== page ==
of swamp land, road making, bridges, clearing land for agricultural purposes; water boring, water races,
sheep or cattle dips, embankments or protective works of any kind, long-lived crops, water tanks, irrigation
works, fixed machinery, reservoirs, dams of permanent nature etc

Changes within customary land tenure

In areas where perennial cash crops are cultivated, a tendency towards recognition of
individual and lineage proprietary land rights tends to occur. This development disrupts
the traditional pattern of land use and disturbs the community’s power to allocate land.
(James, 1971:62f) The same trend is also unfolded in areas where land has become
scarce. Under such circumstances, land acquires an intrinsic value, and what James has
called: “a development of a private sector in customary law“ is taking place. (James,
1971:63). To some extent, these changes prompted the formulation of the National Land
Policy and the subsequent land laws. On the other hand, changes in the nature of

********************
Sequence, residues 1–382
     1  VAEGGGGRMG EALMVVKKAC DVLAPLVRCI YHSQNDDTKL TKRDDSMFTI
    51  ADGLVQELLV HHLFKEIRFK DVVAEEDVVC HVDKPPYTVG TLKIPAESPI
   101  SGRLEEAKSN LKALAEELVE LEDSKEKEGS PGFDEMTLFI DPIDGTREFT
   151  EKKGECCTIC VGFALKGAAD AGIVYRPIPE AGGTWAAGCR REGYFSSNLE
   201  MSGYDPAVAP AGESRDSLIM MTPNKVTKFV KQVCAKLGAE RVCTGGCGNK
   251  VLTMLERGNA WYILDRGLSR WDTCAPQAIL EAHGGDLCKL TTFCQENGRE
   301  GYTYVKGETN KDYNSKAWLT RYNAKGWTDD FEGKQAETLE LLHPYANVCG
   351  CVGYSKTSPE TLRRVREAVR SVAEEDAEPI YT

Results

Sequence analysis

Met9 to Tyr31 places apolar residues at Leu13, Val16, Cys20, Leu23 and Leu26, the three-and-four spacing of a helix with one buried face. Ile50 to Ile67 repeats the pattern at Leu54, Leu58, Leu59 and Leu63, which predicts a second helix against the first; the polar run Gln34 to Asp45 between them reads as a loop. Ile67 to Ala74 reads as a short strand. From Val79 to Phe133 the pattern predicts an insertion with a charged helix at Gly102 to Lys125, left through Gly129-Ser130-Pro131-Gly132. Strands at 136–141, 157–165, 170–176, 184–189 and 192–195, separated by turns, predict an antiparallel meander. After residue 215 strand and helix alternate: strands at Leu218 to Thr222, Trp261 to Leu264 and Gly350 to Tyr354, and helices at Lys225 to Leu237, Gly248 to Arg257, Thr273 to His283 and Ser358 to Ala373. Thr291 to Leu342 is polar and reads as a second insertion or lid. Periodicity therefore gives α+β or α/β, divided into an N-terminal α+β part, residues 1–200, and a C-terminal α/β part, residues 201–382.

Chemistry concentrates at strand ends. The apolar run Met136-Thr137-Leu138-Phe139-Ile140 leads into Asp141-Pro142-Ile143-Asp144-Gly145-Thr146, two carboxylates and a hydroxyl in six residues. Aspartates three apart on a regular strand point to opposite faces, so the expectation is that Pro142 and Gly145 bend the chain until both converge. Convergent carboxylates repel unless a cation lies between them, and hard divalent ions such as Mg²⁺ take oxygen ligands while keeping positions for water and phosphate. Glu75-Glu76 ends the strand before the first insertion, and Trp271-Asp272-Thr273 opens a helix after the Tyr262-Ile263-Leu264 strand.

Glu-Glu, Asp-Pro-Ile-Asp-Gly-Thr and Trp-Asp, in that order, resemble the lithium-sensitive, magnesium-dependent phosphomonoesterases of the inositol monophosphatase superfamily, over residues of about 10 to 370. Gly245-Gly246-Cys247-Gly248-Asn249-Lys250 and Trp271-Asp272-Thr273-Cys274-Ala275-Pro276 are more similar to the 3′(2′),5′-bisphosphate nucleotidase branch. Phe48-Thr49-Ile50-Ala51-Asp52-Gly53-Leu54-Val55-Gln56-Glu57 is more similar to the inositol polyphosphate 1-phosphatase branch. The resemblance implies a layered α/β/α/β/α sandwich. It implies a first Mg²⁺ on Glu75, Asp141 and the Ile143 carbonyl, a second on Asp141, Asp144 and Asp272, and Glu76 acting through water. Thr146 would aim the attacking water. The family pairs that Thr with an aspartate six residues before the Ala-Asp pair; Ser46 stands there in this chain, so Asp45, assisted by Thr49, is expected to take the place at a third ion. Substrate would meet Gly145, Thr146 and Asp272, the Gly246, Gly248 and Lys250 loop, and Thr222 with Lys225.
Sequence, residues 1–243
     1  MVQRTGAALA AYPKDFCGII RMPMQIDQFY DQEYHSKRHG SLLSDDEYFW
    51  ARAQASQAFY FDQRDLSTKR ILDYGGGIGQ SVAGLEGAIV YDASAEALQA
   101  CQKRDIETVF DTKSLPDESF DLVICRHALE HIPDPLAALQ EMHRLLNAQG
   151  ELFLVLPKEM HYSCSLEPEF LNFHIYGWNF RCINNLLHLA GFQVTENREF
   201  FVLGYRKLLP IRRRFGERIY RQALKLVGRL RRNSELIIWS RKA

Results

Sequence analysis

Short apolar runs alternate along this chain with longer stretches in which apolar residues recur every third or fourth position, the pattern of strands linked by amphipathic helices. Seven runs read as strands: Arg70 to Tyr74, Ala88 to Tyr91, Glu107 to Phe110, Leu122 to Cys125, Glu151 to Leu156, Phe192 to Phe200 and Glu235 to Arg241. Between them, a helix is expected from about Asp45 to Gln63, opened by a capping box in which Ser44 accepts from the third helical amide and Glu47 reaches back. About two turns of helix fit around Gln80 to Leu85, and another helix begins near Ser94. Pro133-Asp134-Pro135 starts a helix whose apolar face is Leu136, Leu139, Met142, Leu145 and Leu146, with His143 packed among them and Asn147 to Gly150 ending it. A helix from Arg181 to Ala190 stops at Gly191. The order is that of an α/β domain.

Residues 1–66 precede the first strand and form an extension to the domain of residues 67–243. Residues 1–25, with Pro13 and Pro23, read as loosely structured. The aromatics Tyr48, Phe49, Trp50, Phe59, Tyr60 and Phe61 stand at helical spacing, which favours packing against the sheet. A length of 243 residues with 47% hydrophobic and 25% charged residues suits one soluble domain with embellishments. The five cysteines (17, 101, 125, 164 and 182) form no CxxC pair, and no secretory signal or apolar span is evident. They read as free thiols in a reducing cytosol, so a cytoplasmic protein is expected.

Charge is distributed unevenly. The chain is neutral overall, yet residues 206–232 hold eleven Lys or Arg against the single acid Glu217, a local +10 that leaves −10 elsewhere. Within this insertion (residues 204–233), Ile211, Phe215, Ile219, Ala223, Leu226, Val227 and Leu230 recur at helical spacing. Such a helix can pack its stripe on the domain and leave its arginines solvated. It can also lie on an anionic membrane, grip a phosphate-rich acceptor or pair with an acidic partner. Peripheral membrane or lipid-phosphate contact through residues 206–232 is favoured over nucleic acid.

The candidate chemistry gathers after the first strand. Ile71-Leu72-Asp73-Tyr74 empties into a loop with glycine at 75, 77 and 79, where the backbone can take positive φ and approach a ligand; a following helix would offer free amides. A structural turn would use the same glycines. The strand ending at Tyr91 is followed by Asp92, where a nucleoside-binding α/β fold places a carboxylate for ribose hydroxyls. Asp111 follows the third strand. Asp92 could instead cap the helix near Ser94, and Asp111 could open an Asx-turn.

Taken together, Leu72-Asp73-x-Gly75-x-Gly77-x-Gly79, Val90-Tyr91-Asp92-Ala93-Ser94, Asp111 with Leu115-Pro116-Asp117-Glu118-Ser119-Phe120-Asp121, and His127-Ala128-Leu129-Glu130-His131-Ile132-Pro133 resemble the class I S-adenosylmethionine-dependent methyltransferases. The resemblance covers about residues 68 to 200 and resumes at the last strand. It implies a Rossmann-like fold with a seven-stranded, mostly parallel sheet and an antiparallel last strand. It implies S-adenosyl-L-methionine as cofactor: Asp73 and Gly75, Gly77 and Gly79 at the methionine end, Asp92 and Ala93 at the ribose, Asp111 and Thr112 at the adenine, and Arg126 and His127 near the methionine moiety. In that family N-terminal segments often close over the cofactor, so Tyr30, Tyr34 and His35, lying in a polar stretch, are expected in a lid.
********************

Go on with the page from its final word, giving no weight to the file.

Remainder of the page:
customary tenure creates a vacuum when this change cannot easily be fit into the existing
tenure categories. Thus, vague tenure types such as quasi-customary or informal tenure
arise. There is need to capture such changes to quickly fit them into proper tenure

2.4 Women and Property Rights in Tanzania

Women make up the majority of citizens in both rural and urban areas in Tanzania (Box
1). The kinds of discrimination against women’s access to property exist in traditional
societies in Tanzania. Women’s claim to land within customary systems is usually
through husbands or male relatives. Such rights are known as “Secondary” rights. Other
holders of secondary rights include migrants, pastoralists and young persons. Such rights,
are of uncertain duration, are not well-defined and are subject to change, and are based on
maintaining good relations between parties. Women may hold land for use. Indeed they
are the main managers of land resources. But their ownership rights are restricted. In
most societies women are not allowed to inherit land


   National Population: Males 16,829,861; Females 17,613,742.
   Urban Population: Male: 3,897,182; Females: 4,046,379.
   Rural Population: Males: 12,932,679; Females: 13,567,363
   HBS: Female Headed Households, up from 18% in 1991/92 to 23% in 2000/01